The first years of Moon exploration revealed a thirst of exploring space beyond our boldest dreams, but also a fierce competition between the Soviet Union and the United States: the first probe on the Moon was the Soviet Union’s achievement, while the first manned mission on the Moon went to the United States.
But in modern space exploration era, new countries show determination to reach beyond Earth orbit, by launching space missions to the Moon (Japan in 1990, the European Space Agency last year, China, and now India). Only this time, the race in space has turned into an international collaboration between space agencies from all continents, for the benefit of science.
India is the author of the latest space achievement, as it announced the official launch of the Chandrayaan-1 spacecraft, with the mission: Moon. But in addition to its own space development programs, the Indian Space Research Organization (ISRO) also got the support of ESA and NASA, which they called “a classical example of international cooperation that has characterized the global space exploration programmers of the post cold war era.”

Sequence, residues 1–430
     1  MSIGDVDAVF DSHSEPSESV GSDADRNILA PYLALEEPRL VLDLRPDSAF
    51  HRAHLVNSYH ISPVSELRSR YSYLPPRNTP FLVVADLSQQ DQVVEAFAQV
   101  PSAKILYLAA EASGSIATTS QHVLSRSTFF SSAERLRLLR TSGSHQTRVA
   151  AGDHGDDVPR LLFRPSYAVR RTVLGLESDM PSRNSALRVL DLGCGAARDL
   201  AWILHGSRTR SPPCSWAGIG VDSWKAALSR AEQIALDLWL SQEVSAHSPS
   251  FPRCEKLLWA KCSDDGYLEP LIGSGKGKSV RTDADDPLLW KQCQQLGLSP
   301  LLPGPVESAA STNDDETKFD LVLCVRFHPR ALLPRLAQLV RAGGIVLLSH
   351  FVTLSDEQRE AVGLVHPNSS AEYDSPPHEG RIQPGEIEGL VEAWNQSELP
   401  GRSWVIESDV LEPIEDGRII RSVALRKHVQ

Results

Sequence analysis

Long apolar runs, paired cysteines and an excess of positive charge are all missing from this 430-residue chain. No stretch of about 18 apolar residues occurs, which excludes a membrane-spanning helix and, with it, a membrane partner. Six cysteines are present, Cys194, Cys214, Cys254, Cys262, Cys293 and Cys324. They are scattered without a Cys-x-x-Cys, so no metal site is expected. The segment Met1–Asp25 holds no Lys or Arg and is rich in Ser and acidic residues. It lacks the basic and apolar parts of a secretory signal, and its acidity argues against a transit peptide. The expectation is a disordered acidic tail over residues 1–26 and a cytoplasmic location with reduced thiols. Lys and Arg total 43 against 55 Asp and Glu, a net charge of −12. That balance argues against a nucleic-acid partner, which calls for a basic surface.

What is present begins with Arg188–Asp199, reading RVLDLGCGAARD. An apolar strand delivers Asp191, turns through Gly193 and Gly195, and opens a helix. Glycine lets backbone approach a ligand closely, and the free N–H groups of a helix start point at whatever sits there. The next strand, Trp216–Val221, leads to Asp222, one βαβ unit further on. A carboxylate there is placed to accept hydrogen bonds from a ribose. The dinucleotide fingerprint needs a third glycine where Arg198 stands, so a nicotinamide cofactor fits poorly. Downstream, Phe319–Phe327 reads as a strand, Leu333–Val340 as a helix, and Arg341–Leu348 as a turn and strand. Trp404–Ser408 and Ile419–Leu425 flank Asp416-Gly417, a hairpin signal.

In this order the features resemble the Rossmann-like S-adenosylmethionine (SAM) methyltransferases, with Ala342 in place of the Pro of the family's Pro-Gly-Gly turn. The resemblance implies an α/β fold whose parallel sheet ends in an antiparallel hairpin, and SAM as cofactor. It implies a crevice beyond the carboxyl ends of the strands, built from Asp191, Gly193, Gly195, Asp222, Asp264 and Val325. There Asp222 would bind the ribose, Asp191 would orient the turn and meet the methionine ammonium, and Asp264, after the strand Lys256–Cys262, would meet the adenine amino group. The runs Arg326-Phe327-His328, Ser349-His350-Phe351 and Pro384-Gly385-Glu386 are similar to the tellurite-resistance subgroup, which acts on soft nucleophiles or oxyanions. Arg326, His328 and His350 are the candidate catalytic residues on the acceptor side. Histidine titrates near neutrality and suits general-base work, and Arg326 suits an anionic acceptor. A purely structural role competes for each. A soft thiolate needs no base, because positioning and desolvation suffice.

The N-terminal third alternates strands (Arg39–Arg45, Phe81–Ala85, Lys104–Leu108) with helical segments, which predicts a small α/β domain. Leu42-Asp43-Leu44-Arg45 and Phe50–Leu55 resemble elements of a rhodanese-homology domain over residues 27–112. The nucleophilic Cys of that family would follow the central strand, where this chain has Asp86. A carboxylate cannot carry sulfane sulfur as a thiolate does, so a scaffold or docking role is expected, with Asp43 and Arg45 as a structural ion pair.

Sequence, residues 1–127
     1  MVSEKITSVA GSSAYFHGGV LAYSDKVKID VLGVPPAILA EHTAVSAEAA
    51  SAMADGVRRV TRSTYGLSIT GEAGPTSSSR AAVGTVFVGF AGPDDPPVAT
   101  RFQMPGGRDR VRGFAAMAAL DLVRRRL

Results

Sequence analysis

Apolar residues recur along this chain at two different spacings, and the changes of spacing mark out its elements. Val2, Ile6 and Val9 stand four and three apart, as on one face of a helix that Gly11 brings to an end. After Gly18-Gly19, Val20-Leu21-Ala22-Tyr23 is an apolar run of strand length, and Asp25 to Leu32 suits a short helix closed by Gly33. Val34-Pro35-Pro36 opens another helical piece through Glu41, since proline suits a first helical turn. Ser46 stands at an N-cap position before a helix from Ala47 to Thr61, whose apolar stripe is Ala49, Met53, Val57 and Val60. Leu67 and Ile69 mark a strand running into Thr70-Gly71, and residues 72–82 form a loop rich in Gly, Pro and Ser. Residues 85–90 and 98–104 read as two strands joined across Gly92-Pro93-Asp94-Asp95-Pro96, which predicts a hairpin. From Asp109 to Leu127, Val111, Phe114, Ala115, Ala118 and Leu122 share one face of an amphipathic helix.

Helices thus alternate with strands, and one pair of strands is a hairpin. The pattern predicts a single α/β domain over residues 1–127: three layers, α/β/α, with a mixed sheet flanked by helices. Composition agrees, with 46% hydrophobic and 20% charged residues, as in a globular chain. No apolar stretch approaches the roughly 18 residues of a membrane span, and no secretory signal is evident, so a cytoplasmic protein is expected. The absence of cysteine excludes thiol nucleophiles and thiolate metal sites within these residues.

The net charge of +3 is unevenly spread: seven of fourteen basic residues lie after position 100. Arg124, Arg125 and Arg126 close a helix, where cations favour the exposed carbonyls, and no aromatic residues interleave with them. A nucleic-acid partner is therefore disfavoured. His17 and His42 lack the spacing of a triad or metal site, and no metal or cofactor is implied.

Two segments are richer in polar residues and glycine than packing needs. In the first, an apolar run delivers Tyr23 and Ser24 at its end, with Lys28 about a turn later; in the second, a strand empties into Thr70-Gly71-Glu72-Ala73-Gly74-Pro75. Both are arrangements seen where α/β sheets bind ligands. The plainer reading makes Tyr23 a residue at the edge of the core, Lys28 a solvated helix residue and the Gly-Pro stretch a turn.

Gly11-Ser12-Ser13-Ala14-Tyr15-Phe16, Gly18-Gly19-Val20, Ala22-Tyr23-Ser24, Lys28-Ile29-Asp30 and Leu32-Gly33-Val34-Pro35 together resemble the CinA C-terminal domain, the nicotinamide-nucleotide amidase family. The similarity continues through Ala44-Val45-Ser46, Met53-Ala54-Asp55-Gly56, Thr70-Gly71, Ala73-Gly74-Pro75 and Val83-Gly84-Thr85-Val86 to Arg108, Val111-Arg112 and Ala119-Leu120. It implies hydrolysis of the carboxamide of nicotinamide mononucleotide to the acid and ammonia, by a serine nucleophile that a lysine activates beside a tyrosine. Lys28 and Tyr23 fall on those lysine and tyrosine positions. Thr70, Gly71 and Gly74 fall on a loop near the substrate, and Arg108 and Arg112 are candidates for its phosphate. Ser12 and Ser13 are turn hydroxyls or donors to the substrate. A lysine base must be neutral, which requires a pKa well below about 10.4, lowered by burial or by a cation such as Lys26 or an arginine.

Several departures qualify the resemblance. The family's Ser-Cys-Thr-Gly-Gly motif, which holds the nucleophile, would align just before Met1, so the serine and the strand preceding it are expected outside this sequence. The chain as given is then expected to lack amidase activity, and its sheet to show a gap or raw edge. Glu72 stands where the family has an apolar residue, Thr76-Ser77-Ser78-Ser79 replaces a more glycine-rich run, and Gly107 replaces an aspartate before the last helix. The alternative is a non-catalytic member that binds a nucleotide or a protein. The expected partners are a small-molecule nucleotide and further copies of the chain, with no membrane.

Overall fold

Upon first announcing the collaboration with India on the Chandrayaan-1 programme, NASA Administrator Michael Griffin underlined the importance of partnering with India, which will hopefully be another element to help extend the reach of human civilization throughout the Solar System.
Earlier this year, NASA also signed an agreement with ISRO for a future cooperation between the two agencies in space exploration and use of outer space for peaceful purposes. “India has extensive space-related experience, capabilities and infrastructure, and will continue to be a welcome partner in NASA's future space exploration activities,” Griffin said.
The European Space Agency also applauded ISRO’s ambition and successful launch of its first Moon mission. ESA Director David Southwood said: “while the exploration of space calls for new challenges to be...